Hotel preventive maintenance (PM) has long been viewed as a necessary hotel engineering function and best practice. Most owners assume the management team is doing proper maintenance to achieve the useful life of assets (equipment, guestrooms and public spaces) and to avoid costly premature failures or replacements. Both owners and operators want to know PM’s are getting done, but few prioritize and monitor maintenance as a key performance metric like they do with revenue. Research shows strong hotel maintenance is a revenue opportunity.
Hotel guest satisfaction research has shown for years that guests are less likely to return if they experience a problem (Making Customer Satisfaction Pay—Cornell CHR). The study notes that guestrooms and facilities represent 43 percent of the factors driving satisfaction scores. The article also points out that “The Guest Satisfaction Index was found to be a significant predictor of stated intent to repeat the room purchase and to recommend the hotel.” The results clearly show increased revenue with repeat stays, additional ancillary spend and referral revenue from more satisfied guests.
Data from guest problems reported during the stay (captured through Guestware, a leading task management and maintenance software) reveals over 70 percent of guest problems reported are engineering, most of which are room related issues (HVAC, lighting, plumbing, locks, etc.). If we consider the industry’s high number of “guest problems experienced” which is still at over 20 percent, it’s clear there is a significant revenue opportunity with a reduction in room problems. Automating this process by using software to monitor performance metrics is the best way to realize this additional revenue. Guest response and facilities maintenance automation have been adopted by many full service and luxury operations for years.
Manual Systems Still Very Common
Consider most select or limited service hotels (and many smaller full-service hotels) still operate manually with NO automated software system to track PM’s, service requests or work orders. This leaves owners and managers without automated reporting or metrics to measure performance or accountability for maintenance. How could they know if maintenance is really being done properly or done at all? If asset managers and owners viewed maintenance performance like revenue, these systems would be standard in all hotels alongside mission critical PMS, sales and accounting systems where key metrics are used for accountability and performance.
Strong room and equipment PM processes not only extend the useful life of assets but also reduce problem frequency. Room problems are inevitable in a hotel. However, when the same PM system is also used for dispatching guest reported problems, the benefits of effective problem resolution have a great impact on overall satisfaction and intent to return. The data collected with automation and reporting tools build a culture of process improvement whereas manual processes perpetuate poor practices and zero accountability.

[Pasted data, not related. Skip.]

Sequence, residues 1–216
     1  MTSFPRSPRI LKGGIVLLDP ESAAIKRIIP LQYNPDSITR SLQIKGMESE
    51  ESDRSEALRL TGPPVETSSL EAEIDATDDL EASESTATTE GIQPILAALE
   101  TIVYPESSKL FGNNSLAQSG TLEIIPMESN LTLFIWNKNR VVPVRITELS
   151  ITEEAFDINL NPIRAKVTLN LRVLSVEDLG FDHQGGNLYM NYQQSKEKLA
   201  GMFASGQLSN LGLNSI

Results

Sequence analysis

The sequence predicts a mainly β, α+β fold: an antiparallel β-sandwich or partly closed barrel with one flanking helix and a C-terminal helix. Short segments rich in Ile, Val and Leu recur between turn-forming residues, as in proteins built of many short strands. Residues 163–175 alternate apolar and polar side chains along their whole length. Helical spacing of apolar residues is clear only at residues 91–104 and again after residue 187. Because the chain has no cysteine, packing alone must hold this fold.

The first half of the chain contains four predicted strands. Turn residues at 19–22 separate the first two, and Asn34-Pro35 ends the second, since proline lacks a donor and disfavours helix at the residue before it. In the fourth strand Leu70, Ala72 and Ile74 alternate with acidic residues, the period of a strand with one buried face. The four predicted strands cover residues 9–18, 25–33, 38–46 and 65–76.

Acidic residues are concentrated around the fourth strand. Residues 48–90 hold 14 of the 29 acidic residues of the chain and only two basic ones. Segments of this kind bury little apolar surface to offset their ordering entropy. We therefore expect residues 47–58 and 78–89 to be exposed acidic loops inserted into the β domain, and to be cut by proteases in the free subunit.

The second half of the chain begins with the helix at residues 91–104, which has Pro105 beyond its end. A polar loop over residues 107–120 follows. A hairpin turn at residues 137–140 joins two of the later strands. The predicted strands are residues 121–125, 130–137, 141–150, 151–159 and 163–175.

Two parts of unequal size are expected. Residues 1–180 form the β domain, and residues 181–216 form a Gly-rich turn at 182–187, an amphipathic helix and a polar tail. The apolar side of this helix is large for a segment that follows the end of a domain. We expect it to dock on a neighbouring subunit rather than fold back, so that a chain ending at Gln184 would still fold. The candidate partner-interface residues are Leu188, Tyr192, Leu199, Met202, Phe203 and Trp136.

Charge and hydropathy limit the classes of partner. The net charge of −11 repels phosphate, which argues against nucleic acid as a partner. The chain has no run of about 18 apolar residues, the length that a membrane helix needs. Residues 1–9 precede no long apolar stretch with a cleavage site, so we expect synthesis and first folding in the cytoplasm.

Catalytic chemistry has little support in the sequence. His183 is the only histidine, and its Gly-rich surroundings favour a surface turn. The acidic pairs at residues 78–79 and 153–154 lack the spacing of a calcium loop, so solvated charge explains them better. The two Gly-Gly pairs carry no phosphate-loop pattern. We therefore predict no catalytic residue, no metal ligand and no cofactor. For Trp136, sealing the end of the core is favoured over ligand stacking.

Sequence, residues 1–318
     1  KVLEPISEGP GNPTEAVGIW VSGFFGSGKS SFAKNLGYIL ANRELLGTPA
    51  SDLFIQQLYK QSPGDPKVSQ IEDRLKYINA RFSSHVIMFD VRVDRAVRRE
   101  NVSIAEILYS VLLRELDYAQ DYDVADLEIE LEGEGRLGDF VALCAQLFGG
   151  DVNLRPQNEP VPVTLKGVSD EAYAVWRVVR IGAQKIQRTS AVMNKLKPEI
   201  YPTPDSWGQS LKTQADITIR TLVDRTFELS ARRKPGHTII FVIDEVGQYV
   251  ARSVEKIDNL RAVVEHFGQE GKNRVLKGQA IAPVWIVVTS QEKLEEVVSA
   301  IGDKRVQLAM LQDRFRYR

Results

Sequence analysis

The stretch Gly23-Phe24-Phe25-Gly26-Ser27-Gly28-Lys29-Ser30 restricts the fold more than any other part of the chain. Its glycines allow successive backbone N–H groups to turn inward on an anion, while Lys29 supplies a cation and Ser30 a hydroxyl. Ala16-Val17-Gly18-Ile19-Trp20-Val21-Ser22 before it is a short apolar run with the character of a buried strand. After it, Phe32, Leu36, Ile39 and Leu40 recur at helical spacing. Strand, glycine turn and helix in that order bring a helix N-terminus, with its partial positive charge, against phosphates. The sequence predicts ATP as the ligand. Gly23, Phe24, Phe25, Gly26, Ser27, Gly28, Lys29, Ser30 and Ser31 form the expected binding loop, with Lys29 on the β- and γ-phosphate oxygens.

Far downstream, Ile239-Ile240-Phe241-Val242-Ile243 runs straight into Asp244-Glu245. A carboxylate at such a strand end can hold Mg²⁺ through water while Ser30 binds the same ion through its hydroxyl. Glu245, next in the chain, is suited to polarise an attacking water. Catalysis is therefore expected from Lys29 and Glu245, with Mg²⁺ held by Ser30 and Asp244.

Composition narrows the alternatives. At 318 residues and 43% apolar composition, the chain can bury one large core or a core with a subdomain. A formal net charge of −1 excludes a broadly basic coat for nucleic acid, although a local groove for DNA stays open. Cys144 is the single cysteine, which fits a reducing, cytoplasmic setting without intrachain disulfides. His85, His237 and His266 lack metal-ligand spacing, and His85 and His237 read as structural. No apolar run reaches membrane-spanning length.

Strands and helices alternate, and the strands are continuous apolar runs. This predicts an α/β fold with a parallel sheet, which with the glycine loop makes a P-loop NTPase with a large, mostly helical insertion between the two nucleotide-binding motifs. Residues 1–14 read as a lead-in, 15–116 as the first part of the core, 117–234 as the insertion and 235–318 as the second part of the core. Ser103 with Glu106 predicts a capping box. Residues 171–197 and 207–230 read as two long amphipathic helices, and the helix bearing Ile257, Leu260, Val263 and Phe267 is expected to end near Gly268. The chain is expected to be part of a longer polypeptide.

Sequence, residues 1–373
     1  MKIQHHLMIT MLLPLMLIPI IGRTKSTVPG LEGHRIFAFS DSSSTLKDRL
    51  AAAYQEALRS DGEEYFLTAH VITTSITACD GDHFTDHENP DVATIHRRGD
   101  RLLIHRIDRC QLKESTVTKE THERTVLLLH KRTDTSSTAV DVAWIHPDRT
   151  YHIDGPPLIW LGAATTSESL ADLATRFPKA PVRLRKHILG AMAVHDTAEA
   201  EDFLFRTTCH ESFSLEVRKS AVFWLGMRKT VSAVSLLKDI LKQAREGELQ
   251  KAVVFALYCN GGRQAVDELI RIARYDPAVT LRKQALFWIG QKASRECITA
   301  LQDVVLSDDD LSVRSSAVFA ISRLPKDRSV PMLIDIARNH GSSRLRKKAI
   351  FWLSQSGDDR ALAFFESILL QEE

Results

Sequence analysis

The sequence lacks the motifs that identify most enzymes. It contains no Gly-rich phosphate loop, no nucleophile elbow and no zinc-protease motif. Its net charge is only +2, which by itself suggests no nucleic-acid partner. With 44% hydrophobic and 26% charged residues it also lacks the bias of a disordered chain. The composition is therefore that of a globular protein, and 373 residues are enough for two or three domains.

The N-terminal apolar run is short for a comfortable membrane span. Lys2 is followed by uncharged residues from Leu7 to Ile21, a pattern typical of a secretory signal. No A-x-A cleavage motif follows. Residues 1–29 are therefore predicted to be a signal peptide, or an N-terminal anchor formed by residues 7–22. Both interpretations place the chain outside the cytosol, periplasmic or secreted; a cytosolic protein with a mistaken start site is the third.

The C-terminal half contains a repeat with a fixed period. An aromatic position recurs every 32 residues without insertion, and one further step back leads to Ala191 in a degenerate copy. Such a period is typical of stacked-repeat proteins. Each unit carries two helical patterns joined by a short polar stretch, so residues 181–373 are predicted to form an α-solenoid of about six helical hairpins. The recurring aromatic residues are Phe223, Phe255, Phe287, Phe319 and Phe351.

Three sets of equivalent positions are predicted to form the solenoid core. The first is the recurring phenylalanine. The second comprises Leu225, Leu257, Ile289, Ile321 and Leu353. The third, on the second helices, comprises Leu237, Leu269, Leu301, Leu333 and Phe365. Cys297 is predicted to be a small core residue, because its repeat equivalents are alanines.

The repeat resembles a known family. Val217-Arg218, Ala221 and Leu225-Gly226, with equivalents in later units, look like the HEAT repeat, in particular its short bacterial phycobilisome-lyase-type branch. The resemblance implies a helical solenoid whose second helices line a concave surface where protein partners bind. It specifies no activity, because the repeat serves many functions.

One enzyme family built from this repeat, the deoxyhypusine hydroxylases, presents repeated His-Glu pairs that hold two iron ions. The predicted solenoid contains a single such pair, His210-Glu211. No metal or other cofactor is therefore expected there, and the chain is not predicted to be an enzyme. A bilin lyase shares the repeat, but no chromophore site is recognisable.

Success is best achieved when management companies (not the brands) standardize on one system across their portfolio so they can effectively manage their teams and the property to maximize revenue and minimize costs for the owner. Brands may try to mandate some standard systems, but none currently mandate a maintenance system and franchise operators should strongly resist if this changes.
The more traditional financial assessment with maintenance is typically on the other side of the P&L and balance sheet. Management companies that standardize and automate their maintenance will lower their operating costs, reduce risk of a lawsuit and extend the life of assets. The data provided by these systems is particularly helpful during a downturn to minimize capital expenditures and can positively impact valuation during due diligence with a sale. The actual cost to implement a system is a tiny fraction of the labor and other costs to maintain the facility. The best time to implement a maintenance system is before a downturn or sale but this requires mutual understanding by ownership and management of the value with automating maintenance processes.
Mike Benjamin is Co-founder and Vice President of Guestware. Guestware is a cloud-based solution for hotels and resorts to optimize guest service and maintenance processes. Guestware enables staff to improve guest service ratings while providing leaders with the data to ensure that guests are happy, staff are productive, and the facility is well maintained. The company has focused on elevating the guest experience in the hospitality industry for over 20 years. Today, Seattle-based Guestware does business with select and full-service hotels and resorts in over 70 countries. For more information about Guestware, e-mail firstname.lastname@example.org, go to guestware.com or call (888) 50-GUEST.